Shortage of salt — Bataan falls — Easter celebrated — More Chinese arrive — The tobacco crisis — We are transferred to Camp Holmes — Getting settled.
The warm days and cool nights at Baguio s mile-high elevation brought colds and bronchial troubles to many, which, in some cases, developed into pneumonia although, happily, there were no deaths from this disease. All of us continued to lose weight but some reached the point where the food intake was sufficient to check weight declines. We suffered temporary shortages of one thing or another — salt being one commodity that was absent
from the tables for a few meals, coffee was beginning to show signs of running out and when laundry soap became scarce one of the internees made some with lye and rendered lard but it was soon discovered that the latter was more valuable to the cook’s department than as a soap ingredient and the camp soap factory closed down.
Great was our disappointment when it was definitely learned that Russia was not at war with Japan. The defense of Bataan was reported to be going splendidly, however; our troops were being landed on the island of Cebu and statements such as “The news is good,” coming in notes concealed in food packages, bolstered our morale. Then, just as our hopes had once before been dashed by the fall of Singapore, we awoke on the morning of the 10th to find this notice tacked up in front of our barracks where all could see:
April 9—7 P.M.
Now let us realize
“The Orient for the Orientals”
Our men had held out for four months under terrible conditions. Ill-equipped and untrained men, without outside help, had fallen back from Lingayen Gulf, across the plains of Luzon to the southernmost tip of the Bataan Peninsula. They had suffered sorely, malaria had gotten in its deadly work, food and ammunition had given out and General Jonathan Wainwright was finally forced to capitulate because it was impossible to fight on. All these
circumstances were extenuating and unavoidable but one bare fact predominated — the Philippines could not be defended. The problem now was how to win the Islands back — and when. The Japs may not be invincible but they had shown extraordinary fortitude and disregard of life. The Philippines were theirs in the meantime. Singapore’s loss had been a blow but that was British territory, and now Uncle Sam had tasted defeat. We did not learn until later that the brave stand at Bataan had made Australia’s capture by the Japs impossible, but the immediate effect of this calamitous news was to bring our spirits to the lowest ebb. It was not easy to face our Jap captors with the props knocked from under us, but in time our spirits revived and the sting of defeat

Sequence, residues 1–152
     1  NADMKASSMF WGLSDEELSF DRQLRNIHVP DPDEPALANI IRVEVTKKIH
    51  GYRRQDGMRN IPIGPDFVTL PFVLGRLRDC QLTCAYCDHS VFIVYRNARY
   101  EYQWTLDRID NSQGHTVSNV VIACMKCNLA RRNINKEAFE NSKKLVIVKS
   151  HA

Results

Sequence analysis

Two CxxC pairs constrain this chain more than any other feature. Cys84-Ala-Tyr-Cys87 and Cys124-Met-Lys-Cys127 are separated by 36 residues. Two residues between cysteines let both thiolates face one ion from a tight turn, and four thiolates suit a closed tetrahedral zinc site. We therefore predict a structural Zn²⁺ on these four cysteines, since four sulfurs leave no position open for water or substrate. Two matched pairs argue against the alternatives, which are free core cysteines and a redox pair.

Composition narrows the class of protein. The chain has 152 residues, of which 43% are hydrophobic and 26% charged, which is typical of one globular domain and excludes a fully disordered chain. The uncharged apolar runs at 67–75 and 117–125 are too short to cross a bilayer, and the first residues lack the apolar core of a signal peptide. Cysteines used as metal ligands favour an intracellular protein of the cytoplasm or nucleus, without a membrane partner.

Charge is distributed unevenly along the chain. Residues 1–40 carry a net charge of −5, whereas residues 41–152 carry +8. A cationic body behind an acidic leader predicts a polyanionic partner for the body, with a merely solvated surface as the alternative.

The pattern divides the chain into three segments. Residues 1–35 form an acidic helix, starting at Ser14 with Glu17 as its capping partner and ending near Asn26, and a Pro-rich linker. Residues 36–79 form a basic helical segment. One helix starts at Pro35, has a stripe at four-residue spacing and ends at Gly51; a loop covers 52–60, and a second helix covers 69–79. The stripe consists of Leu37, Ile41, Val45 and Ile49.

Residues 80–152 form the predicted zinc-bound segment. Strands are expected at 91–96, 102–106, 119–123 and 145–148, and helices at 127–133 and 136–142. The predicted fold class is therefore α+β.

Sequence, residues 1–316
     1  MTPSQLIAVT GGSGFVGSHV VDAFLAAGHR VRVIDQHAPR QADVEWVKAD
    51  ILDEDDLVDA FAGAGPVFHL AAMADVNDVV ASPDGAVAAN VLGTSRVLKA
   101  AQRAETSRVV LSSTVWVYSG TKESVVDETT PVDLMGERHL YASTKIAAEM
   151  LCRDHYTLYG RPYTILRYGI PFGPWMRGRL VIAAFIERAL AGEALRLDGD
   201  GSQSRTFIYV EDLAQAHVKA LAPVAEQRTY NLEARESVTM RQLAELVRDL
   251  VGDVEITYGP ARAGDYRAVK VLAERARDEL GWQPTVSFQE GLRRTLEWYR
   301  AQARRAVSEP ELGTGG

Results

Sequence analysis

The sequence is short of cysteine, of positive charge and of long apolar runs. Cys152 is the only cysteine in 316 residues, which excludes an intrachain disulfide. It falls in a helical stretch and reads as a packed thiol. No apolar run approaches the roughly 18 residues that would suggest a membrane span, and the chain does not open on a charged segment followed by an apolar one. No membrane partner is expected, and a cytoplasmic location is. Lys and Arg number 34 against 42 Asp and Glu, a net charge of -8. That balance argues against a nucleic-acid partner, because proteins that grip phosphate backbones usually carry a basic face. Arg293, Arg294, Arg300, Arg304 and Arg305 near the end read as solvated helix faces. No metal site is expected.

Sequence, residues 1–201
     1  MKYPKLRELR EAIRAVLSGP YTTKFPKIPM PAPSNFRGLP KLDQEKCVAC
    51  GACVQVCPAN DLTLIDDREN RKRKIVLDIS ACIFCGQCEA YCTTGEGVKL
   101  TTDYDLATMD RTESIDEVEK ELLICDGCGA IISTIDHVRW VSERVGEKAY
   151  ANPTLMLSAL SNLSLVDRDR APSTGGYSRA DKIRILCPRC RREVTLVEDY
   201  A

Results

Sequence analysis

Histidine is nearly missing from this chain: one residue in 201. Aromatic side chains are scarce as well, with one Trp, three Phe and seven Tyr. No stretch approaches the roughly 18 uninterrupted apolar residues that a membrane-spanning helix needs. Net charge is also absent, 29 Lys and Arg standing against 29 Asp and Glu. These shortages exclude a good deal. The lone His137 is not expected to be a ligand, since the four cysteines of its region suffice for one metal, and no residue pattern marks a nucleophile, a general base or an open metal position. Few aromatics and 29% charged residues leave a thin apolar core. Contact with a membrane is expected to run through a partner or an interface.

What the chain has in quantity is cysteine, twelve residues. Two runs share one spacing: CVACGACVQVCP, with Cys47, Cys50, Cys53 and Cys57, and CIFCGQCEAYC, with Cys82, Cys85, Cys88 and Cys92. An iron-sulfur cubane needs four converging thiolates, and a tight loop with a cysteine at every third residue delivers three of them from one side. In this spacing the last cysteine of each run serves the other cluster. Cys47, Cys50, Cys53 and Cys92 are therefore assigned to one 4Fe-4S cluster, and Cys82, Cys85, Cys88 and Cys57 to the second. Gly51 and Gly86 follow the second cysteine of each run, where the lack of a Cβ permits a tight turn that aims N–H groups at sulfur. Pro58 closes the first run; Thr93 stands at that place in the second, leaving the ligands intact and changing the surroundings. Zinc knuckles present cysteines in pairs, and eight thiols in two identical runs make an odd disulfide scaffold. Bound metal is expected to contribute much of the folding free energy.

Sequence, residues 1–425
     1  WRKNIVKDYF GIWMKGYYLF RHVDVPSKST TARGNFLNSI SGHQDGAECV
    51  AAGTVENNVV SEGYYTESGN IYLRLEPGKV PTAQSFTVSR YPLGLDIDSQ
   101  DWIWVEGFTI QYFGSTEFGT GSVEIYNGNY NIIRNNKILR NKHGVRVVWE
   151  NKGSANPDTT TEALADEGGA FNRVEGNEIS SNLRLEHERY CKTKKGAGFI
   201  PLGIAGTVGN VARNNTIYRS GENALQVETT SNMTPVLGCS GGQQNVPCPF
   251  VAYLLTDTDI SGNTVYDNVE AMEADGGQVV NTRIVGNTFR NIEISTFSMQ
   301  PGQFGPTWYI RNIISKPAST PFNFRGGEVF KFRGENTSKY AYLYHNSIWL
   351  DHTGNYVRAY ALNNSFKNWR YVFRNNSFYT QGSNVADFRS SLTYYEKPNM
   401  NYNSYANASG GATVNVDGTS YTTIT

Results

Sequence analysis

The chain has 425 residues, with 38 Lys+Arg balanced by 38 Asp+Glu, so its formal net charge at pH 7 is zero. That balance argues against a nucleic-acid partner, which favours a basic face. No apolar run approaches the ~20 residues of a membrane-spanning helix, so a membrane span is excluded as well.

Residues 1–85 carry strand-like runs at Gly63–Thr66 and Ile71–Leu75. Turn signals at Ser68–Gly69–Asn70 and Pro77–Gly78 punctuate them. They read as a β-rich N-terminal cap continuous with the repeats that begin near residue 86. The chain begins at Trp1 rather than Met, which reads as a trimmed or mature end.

grew less as reassuring news — this time authentic — that the ultimate aims of the war that had been imposed on us by a treacherous enemy would be attained in spite of anything that might transpire. This was a war of material and air power. Well, we were second to none in industry, and the airplane was our child.
Our Easter season was a memorable one. On Good Friday we were served a hot cross bun of sorts, which did not measure up to the article served in our homes under happier circumstances because of the use of flour substitutes and the absence of some necessary ingredients, but it was a brave attempt to meet the demands of tradition. Easter Sunday was ushered in by an early morning service on the tennis courts. Climatically, Easter in the Philippines is usually a grand day. It comes in the dry season and at a time of cloudless skies. This Easter was no exception, and the altitude of Baguio gave the air a crispness that is always associated with spring at home. We may have been under the control of Jap guards whose flag flew atop a pole only a few yards away but our